When setting up a web server, there are often sections of the site that you wish to restrict access to. Web applications often provide their own authentication and authorization methods, but the web server itself can be used to restrict access if these are inadequate or unavailable.
In this guide, we’ll demonstrate how to password protect assets on an Apache web server running on Ubuntu 14.04.
License and legal information
This work is created by Justin Ellingwood and is licensed under a Creative Commons Attribution-NonCommercial-ShareAlike 4.0 International License. I have copied it for the sole purpose of archiving and data centralizing. Minor changes have been made to the original article that you can find on Digital Ocean.
To get started, you will need access to an Ubuntu 14.04 server environment.
You will need a non-root user with
sudo privileges in order to perform
administrative tasks. To learn how to create such a user, follow our Ubuntu
14.04 initial server setup
Install the Apache Utilities Package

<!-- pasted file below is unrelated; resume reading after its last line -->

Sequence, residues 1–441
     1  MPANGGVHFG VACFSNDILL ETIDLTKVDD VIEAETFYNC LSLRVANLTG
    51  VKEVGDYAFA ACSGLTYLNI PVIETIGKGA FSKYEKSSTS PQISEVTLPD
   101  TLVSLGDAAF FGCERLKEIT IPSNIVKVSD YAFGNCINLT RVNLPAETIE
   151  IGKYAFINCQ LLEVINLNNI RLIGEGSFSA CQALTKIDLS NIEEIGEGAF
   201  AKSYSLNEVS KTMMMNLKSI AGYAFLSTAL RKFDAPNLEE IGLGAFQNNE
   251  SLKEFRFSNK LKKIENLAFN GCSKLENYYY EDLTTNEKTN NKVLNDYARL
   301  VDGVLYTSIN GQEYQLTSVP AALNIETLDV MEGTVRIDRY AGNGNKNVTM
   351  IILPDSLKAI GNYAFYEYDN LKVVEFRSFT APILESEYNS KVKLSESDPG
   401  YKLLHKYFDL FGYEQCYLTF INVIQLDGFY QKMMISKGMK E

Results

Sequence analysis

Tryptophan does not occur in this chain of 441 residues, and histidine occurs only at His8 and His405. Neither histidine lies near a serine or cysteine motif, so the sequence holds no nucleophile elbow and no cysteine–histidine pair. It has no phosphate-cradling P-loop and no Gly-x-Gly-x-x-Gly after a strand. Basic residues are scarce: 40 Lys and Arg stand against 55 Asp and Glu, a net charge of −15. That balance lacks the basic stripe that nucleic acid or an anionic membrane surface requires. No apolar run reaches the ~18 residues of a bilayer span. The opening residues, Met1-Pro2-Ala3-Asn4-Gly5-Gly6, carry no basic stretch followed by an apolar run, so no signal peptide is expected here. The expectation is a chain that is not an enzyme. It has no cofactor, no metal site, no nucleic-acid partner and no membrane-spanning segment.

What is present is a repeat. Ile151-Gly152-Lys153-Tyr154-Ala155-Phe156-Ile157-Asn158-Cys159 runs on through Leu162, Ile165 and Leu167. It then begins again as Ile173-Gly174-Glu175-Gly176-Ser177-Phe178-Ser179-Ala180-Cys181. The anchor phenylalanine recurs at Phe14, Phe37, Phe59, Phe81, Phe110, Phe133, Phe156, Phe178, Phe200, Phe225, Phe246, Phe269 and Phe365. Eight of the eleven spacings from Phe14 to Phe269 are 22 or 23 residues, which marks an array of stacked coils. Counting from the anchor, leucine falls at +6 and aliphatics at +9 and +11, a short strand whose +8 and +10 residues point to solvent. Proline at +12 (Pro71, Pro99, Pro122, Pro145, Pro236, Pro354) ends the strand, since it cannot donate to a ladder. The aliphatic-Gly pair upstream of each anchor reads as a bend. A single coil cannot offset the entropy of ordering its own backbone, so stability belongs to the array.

In order to create the file that will store the passwords needed to access our
restricted content, we will use a utility called
htpasswd. This is found in
apache2-utils package within the Ubuntu repositories.
Update the local package cache and install the package by typing this command. We will take this opportunity to also grab the Apache2 server in case it is not yet installed on the server:
sudo apt-get update sudo apt-get install apache2 apache2-utils
Create the Password File
We now have access to the
htpasswd command. We can use this to create a
password file that Apache can use to authenticate users. We will create a
hidden file for this purpose called
.htpasswd within our
The first time we use this utility, we need to add the
-c option to create
the specified file. We specify a username (
sammy in this example) at the end
of the command to create a new entry within the file:
sudo htpasswd -c /etc/apache2/.htpasswd sammy
You will be asked to supply and confirm a password for the user.
Leave out the
-c argument for any additional users you wish to add:
sudo htpasswd /etc/apache2/.htpasswd another_user
If we view the contents of the file, we can see the username and the encrypted password for each record: